This OP/ED piece is based upon a story appearing on CBS News and OpenSecrets.org Caroline Horn, Rebecca Kaplan, Laura Strickler, Jenna Gibson and Chris Leyden contributed to this report. Brian Montopoli is the senior political reporter at CBSNews.com.
In the court of public opinion, Jerry Sandusky was convicted a long time ago. In a court of law…anything is possible. Remember Casey Anthony? The jury considering the fate of Jerry Sandusky reconvened Friday for a second day of deliberations. Jurors deliberated until about 9:30 p.m. Thursday before breaking off, and began reviewing testimony from two witnesses when they resumed their duties Friday morning. The former Penn State assistant football coach is charged with dozens of counts of child sexual abuse involving 10 alleged victims over a 15-year period.
It’s hard for most of us watching this and armchair quarterbacking the judicial process to fathom how the jury could return any verdict except guilty but Sandusky, tried by a jury of his Happy Valley peers could fare better. It just depends. Will the jury, based upon the evidence, convict this man? Will they bow to the prestige of Penn State and let him walk? A Jerry Sandusky acquittal seems unimaginable but stranger things have happened. For example, as the case went to the jury as new revelations came to light.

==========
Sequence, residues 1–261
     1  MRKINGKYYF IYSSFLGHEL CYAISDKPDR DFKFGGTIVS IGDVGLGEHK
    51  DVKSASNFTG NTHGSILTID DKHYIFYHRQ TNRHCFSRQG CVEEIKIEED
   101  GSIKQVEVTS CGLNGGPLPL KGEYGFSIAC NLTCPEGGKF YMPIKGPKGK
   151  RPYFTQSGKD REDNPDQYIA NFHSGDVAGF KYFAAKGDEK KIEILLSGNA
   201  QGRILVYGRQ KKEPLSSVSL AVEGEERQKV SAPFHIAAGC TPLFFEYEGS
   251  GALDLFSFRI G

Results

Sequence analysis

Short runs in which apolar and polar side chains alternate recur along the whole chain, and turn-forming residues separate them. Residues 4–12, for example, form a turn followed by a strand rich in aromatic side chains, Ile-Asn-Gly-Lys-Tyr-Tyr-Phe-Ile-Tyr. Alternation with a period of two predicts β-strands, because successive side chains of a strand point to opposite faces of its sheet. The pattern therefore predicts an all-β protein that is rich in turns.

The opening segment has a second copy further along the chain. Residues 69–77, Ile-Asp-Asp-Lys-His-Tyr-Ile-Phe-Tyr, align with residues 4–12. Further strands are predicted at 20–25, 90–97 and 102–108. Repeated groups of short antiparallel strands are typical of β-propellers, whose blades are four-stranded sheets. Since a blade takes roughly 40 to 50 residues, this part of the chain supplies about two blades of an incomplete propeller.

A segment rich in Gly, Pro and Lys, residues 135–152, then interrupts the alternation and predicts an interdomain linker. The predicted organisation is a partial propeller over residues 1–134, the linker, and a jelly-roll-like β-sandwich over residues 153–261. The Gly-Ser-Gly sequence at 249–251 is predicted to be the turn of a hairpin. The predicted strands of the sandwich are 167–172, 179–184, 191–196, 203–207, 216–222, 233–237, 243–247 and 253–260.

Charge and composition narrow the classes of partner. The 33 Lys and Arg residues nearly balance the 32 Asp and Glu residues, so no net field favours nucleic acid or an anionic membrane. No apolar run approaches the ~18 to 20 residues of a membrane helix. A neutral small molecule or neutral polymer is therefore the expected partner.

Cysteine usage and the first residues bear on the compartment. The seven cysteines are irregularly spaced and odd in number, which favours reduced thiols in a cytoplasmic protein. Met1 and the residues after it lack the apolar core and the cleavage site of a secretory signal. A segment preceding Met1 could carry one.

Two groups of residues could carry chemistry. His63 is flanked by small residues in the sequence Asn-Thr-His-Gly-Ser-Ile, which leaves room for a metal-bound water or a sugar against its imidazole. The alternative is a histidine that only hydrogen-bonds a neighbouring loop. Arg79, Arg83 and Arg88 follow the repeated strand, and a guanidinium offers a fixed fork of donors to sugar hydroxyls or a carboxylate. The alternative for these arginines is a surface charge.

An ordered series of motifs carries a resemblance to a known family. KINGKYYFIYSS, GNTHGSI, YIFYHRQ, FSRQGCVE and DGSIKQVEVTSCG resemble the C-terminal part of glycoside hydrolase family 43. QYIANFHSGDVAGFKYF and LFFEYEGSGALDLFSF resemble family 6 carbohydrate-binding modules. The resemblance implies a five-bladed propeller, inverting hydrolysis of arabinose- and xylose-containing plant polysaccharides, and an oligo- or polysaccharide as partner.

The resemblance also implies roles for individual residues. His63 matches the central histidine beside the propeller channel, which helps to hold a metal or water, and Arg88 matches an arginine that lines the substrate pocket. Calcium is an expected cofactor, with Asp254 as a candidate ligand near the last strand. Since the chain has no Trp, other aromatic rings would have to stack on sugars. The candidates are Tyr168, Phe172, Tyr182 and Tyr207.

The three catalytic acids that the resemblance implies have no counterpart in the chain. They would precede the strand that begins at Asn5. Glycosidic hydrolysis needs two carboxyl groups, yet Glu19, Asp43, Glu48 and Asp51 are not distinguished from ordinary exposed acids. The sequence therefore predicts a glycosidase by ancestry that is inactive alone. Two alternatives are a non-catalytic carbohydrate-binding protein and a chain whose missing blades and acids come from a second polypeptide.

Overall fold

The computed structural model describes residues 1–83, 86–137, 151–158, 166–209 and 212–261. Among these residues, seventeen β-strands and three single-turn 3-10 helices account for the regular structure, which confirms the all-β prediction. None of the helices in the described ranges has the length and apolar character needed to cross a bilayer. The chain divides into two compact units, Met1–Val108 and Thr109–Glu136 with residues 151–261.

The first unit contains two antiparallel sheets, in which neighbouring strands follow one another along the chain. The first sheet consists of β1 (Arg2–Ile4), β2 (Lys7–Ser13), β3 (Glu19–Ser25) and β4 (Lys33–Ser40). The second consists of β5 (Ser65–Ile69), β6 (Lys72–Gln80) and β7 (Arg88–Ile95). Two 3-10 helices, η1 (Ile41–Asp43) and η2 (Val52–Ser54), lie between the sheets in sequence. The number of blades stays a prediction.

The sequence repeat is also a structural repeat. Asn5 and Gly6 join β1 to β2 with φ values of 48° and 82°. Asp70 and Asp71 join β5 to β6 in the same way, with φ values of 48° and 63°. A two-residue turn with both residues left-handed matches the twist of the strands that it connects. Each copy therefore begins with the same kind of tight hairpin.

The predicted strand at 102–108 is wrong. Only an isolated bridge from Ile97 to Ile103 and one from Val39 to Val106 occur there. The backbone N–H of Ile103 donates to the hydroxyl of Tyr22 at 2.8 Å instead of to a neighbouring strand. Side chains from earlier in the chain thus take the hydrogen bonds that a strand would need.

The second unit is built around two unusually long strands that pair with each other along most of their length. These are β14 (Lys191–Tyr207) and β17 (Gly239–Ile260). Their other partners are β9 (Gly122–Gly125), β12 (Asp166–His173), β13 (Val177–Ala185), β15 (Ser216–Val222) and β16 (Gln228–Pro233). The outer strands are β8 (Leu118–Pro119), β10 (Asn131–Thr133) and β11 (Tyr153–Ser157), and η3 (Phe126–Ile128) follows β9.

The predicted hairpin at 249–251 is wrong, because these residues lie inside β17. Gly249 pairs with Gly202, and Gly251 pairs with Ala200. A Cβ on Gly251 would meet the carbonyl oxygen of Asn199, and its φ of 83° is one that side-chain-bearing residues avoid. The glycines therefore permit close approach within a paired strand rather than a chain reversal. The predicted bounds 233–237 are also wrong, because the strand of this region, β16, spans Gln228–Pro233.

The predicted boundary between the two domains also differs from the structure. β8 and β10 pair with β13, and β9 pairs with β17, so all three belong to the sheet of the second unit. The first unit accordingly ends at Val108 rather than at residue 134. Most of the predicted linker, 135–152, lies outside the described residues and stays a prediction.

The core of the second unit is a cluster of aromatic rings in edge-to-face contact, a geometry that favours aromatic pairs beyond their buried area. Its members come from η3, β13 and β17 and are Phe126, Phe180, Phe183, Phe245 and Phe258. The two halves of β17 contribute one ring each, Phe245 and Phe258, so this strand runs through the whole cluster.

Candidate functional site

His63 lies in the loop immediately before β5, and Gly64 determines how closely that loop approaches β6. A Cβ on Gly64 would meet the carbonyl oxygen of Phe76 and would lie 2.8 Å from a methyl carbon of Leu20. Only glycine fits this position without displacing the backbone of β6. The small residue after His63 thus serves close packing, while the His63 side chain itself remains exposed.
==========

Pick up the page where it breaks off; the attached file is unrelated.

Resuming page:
Matt Sandusky, one of six adopted children of Jerry Sandusky, 68, said through his attorney Thursday that he was sexually abused by the former Penn State assistant football coach, adding that he had been prepared to testify against him. But Matt Sandusky’s allegations are not known by the jury. They were not made public until last night, well after the jury had began it’s work having been sequestered. The new accusation could lead to additional charges, including incest, even though he is adopted, according to Marci Hamilton, a Cardozo Law School professor who has represented victims and written on sexual abuse cases.